agnesrose86 Mon 15-Feb-16 20:56:50

Millions of pictures of cookers in chimney breasts on pinterest but I want to see behind the doors!! Were yours made bespoke BYO?

BYOSnowman Mon 15-Feb-16 20:57:43

Could you make the other units that little bit deeper rather than the shallower ones shallower?

BYOSnowman Mon 15-Feb-16 20:58:55

Yes - we had a bespoke kitchen - it was smaller and we had a different issue to hide but the shelves weren't very expensive to have knocked up and people always commented on how nice they looked

This is ours (ten years and a few owners on). I think those drawers were real but shortened, and the cupboards were cut to fit. I am not much help as we were really young and clueless, and had a lovely kitchen designer guy who was super enthusiastic and just sorted everything out.

Ah, we kind of fudged the depth issue by having the corner and the end of run, I see. That's the fridge next to it, we had a free-standing one but a later owner has bunged an integrated one in.

OnePlanOnHouzz Mon 15-Feb-16 21:04:26

If you are having a painted kitchen you could have made 150mm (or 165mm or 173mm what ever size you have left ) cabinets from for either side of the cooker. Design them either to be similar or totally different to your other cabinets - your choice - but that way you could utilise the full depth ...

agnesrose86 Mon 15-Feb-16 21:06:52

Thanks, thats so helpful. I am beginning to think a standard unit cut to fit would work and yes I could bring the whole lot forward a bit as long as I can get worktops deep enough.

BYOSnowman Mon 15-Feb-16 21:08:35

If you are getting counters cut you can always get them deeper - we had ours 10cm deeper than the norm and it didn't cost much more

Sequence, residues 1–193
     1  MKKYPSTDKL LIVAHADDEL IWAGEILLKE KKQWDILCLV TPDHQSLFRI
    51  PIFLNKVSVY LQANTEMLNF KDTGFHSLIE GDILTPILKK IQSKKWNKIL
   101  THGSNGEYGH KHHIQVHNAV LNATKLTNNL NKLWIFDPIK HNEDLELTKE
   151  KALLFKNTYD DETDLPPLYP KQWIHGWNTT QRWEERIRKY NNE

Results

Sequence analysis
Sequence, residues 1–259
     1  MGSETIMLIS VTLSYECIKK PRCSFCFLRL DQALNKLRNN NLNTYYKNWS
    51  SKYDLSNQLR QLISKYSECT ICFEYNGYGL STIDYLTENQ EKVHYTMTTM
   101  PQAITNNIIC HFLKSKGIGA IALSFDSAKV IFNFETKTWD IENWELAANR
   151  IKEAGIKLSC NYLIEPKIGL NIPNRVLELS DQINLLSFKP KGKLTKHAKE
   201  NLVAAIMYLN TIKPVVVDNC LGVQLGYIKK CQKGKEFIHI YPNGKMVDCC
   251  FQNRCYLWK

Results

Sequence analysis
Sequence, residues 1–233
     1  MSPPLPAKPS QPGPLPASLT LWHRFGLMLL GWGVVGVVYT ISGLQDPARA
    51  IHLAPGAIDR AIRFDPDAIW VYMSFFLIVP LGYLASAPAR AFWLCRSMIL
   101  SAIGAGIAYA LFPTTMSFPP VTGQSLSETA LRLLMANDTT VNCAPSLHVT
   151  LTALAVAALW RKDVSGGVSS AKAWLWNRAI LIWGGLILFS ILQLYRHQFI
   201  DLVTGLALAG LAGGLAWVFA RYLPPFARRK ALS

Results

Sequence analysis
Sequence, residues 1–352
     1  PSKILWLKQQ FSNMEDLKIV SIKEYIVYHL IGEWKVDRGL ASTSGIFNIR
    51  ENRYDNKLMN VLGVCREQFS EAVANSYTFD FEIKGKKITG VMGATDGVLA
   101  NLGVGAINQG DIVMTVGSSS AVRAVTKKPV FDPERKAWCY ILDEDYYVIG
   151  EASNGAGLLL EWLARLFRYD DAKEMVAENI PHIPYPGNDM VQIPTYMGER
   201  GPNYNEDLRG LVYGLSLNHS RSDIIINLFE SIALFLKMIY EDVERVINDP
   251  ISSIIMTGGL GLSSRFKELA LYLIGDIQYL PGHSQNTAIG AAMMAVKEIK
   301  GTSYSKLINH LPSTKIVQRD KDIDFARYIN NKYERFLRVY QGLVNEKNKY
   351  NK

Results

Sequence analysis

agnesrose86 Mon 15-Feb-16 21:09:29

The ideal thing would be something L shaped so I could utilise the depth and still have a seamless look along the front. I wonder if is it possible to put a wire pull out fitting for a 15cm cabinet in a 60cm cabinet?

agnesrose86 Mon 15-Feb-16 21:10:58

The kitchen is painted but by the kitchen shop and although I am thinking of just going for white, it is not bright white so may be hard to match.

Leeloo2 Mon 15-Feb-16 21:31:32

Fair enough re cost of removing. smile

Yes, I think they are 30cm deep (normal wall ones anyway) and are v useful. Not sure if photos convey how much stuff is crammed in the right hand one. The biggest pan at the bottom of the other one is one of those big stock pot things if that helps with scale?

We do have extra deep wooden worktop so it goes to the wall behind the cupboard on the left, which I think was set forward so it all lined up - it was sold as breakfast bar worktop iirc.

Hope the photos help.

Leeloo2 Mon 15-Feb-16 21:34:25

Excuse awful slatterny pic - i couldn't be bothered to clear the stove top, but here's how the worktop runs behind the cooker. smile

agnesrose86 Mon 15-Feb-16 21:59:43

Thanks so much Leeloo, great to see.